Development of a model, with managers at the BLM/USFS San Juan Public Lands Center, to understand the vulnerability of public lands to drought based on ecological and physical factors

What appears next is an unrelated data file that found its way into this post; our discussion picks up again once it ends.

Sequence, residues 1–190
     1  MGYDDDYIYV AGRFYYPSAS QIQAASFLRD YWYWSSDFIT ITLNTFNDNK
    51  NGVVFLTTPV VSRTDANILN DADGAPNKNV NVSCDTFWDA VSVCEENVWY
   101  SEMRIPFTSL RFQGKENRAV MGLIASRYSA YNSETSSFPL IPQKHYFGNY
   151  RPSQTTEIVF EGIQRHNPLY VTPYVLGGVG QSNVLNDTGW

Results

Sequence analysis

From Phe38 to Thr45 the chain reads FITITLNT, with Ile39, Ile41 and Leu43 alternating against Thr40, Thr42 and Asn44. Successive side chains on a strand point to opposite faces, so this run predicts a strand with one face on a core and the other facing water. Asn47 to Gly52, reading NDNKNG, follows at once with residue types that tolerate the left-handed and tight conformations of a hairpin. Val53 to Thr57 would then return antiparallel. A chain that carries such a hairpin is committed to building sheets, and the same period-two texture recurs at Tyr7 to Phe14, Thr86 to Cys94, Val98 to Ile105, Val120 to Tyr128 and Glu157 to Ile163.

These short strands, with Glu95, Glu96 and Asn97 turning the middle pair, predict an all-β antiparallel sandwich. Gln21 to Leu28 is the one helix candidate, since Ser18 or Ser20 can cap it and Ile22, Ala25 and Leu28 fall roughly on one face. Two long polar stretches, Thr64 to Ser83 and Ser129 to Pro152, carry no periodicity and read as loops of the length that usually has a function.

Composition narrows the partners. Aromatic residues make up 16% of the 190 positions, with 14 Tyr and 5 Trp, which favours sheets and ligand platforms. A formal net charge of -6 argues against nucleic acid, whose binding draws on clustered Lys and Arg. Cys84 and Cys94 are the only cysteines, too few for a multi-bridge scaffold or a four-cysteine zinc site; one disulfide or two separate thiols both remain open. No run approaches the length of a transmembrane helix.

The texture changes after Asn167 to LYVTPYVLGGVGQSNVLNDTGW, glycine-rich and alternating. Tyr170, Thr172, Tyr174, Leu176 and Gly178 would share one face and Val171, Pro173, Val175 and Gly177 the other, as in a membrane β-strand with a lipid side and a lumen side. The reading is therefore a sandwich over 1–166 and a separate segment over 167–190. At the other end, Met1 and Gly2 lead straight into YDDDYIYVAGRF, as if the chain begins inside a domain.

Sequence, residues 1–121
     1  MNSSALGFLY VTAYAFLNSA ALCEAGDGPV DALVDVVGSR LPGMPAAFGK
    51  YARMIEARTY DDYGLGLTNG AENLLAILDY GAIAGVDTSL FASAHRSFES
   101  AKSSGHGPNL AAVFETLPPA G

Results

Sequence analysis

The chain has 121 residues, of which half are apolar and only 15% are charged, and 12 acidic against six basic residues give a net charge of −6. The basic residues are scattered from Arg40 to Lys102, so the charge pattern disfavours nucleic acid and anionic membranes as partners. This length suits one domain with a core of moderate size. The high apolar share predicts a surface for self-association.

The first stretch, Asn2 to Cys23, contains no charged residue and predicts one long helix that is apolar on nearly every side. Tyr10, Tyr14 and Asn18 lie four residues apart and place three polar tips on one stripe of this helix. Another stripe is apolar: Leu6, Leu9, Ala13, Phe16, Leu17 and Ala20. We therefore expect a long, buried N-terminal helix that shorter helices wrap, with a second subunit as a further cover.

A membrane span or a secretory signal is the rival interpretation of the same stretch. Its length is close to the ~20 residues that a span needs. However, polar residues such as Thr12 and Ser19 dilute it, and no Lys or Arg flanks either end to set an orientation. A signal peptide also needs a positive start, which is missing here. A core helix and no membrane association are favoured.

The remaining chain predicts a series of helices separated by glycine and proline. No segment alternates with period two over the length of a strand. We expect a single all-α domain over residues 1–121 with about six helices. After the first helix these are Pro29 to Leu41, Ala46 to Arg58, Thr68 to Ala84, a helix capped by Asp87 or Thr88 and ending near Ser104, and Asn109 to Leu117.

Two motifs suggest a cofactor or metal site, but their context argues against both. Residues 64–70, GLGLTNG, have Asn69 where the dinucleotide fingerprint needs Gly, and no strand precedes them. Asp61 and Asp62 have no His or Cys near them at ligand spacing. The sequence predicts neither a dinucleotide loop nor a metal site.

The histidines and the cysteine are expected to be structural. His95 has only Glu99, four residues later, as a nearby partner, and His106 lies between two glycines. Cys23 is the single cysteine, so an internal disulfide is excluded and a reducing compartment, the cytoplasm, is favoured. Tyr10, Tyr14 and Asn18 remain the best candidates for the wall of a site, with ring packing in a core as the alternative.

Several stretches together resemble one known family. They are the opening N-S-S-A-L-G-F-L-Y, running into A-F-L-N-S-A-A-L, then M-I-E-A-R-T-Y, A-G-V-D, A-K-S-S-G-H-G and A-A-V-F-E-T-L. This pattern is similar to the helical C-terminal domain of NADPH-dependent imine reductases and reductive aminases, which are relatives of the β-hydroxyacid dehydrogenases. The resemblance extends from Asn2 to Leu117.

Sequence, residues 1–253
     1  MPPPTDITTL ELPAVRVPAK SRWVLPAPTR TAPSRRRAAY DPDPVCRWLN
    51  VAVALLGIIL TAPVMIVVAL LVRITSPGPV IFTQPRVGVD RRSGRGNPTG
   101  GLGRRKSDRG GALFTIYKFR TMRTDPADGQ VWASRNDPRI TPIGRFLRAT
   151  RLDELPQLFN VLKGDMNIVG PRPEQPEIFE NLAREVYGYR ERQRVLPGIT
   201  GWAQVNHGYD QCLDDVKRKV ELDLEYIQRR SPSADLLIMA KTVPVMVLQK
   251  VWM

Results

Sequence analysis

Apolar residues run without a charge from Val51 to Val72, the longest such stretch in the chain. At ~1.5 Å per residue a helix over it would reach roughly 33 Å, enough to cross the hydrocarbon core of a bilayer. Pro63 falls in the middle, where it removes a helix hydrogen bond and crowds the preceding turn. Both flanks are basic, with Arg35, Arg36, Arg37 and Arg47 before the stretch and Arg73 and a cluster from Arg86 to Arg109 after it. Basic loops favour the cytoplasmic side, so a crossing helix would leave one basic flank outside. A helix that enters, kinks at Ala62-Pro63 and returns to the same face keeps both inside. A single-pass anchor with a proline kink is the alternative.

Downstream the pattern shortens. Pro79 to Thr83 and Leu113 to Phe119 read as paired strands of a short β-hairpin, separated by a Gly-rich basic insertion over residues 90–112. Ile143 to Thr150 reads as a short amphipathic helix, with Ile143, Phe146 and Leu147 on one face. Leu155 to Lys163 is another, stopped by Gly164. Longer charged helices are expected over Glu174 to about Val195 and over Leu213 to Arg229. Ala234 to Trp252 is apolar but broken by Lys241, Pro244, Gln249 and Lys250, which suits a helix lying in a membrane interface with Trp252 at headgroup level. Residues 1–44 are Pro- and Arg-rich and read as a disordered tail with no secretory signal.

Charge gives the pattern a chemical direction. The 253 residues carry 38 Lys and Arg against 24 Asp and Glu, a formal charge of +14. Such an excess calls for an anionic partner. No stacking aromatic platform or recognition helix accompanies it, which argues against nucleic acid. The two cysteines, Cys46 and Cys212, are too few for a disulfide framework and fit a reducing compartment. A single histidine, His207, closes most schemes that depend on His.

This project entailed the development of a simple ecophysiological model to produce initial drought vulnerability mapping that could be used by land managers in climate change analysis and planning efforts. A model incorporating climate, soil, and vegetation was run with precipitation data from 1948–1998 to produce a vulnerability map representing plant communities, soil textures and depth, and precipitation gradients. In the model used, transpiration and precipitation were very strong predictors of drought vulnerability. However, for the model to be of greater value to land managers, it needs a second soil depth layer in order to capture the true difference between summer and winter precipitation.